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From "Stefan Guggisberg" <stefan.guggisb...@day.com>
Subject Re: Connection pooling
Date Fri, 18 Jul 2008 11:09:23 GMT
On Thu, Jul 17, 2008 at 9:09 PM, Matej Knopp <matej.knopp@gmail.com> wrote:
> On Thu, Jul 17, 2008 at 6:47 PM, Thomas Müller <thomas.mueller@day.com> wrote:
>> Hi,
>> I am trying to understand both Matej and Alexander / Marcel...
>> In my view Jackrabbit should be able to obtain database connections
>> using a JDBC URL as well as a data source name. If Jackrabbit requires
>> some kind of connection pooling, that should be integrated in
>> Jackrabbit - otherwise it is not possible to use Jackrabbit in a
>> standalone application. Otherwise FirstHop couldn't be started from
>> the command line.
> What should such integration look like? Would you allow the user to
> chose the connection pooling implementation or would you "hardcode"
> one? What if user already has connection pooling infrastructure in
> place (but not one exported by JNDI)?
> I still don't quite understand what is the big issue with managing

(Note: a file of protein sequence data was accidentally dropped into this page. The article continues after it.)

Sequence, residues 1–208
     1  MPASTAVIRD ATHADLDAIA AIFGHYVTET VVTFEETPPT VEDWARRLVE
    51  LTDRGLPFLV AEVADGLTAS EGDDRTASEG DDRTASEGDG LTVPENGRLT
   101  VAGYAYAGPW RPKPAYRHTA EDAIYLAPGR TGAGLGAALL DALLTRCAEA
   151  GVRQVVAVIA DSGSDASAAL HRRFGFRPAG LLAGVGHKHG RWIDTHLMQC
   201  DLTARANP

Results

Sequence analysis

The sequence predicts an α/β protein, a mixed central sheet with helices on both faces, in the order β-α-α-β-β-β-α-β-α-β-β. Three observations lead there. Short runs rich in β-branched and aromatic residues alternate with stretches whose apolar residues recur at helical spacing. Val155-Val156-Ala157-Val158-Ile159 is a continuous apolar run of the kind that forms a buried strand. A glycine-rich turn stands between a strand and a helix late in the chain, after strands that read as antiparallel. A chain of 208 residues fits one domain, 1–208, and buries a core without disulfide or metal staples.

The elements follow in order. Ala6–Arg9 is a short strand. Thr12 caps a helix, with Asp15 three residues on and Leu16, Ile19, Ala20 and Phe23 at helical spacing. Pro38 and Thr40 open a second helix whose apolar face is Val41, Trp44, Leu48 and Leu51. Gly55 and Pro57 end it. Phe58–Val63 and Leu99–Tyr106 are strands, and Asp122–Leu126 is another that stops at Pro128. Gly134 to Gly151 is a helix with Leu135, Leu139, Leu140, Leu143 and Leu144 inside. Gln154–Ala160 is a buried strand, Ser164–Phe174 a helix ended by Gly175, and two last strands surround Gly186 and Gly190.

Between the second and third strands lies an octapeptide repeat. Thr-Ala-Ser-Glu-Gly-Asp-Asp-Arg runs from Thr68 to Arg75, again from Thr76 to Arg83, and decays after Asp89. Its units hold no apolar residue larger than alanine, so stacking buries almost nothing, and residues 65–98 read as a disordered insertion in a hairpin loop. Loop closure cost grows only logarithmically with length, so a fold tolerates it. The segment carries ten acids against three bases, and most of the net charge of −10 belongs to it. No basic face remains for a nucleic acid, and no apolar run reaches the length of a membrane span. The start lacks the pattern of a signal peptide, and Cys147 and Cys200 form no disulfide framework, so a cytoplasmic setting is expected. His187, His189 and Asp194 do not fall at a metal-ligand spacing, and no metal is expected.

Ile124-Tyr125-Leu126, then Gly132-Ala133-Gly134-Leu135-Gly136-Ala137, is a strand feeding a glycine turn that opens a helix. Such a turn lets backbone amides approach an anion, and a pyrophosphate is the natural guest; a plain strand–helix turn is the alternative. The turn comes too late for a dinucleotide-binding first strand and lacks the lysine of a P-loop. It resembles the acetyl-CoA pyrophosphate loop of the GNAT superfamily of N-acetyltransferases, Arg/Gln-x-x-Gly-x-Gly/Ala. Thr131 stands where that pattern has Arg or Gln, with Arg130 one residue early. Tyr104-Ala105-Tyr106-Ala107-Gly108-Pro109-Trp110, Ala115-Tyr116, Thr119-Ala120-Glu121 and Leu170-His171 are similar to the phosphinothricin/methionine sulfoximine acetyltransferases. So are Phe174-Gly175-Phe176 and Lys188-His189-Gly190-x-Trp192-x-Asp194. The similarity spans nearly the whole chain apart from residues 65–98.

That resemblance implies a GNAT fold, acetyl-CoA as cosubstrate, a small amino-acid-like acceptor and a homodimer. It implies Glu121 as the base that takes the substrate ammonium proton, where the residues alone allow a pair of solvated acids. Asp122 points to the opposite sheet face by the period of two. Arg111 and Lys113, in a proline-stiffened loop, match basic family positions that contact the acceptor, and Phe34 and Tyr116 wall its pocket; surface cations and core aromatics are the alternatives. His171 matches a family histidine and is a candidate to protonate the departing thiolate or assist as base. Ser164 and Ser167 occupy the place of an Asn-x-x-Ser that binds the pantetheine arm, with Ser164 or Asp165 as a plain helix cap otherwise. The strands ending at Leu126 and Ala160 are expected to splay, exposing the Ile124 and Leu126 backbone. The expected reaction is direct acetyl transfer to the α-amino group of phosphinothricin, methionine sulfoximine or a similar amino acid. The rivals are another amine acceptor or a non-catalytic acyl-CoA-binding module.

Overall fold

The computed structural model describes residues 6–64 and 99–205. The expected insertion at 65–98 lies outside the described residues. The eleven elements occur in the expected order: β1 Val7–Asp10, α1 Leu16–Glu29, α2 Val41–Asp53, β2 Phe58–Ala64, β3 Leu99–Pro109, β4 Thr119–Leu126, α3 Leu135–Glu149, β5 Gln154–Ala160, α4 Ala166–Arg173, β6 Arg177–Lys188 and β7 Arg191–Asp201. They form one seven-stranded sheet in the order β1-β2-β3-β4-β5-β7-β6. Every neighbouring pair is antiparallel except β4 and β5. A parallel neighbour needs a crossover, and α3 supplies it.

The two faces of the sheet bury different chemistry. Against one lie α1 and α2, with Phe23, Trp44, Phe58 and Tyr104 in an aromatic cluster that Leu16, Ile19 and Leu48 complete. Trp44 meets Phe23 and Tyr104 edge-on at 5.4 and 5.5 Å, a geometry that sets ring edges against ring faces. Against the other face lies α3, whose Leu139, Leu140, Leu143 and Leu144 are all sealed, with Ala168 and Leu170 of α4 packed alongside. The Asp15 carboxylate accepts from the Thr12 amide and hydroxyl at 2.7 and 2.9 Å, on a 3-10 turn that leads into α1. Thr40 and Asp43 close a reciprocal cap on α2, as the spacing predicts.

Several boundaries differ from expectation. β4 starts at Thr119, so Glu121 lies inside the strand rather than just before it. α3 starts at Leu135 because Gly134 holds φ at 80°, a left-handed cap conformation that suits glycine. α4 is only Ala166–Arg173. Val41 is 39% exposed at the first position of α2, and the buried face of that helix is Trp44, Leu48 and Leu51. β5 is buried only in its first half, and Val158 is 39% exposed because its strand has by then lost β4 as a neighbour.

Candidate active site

> DataSource instances. We are not talking about writing an IoC
> container here. All that would do is a simple map <id> ->
> <dataSourceInstance> where dataSourceInstance is a simple java bean
> implementing DataSource.
> If user wants jndi, the bean would be simple JNDI DataSource proxy.
> C3P0 or commons-dbcp have their own data source classes already that
> could be easily configured. Or user could provide a DataSource that
> would proxy calls to a spring/guice/hivemind managed beans.
> All of those would be trivial to write and configure.
> One of the annoyances with jackrabbit apart from the fact that it
> keeps db connections opened is that it only provides two options to
> obtain the actual connections. Either through JNDI or it creates the
> connections on it's own. But there is a good reason why the DataSource
> interface was introduced. I really don't think it is a good idea to
> have Jackrabbit creating database connections without having a simple
> way to override this behavior.

DataSource et al are fine for client/user applications. jackrabbit OTOH is an
infrastructure app and therefore needs exclusive control over the persistence
layer (i.e. jdbc connections in this case). with hindsight i regret i
did implement
the jdbc persistence manager in the first place (it was meant as a
proof of concept
only). but that's a different story and just my very personal view ;)


> -Matej

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